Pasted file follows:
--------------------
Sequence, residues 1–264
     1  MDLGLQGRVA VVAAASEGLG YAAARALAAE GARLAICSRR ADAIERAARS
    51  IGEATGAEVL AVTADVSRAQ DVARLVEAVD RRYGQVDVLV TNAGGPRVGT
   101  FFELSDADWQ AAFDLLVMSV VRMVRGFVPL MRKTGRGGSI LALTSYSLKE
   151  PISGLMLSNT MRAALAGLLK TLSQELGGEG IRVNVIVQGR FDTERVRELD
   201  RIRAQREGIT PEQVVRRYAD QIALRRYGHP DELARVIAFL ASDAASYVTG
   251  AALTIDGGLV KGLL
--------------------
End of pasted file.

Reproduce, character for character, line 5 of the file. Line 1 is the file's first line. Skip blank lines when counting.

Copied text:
   151  PISGLMLSNT MRAALAGLLK TLSQELGGEG IRVNVIVQGR FDTERVRELD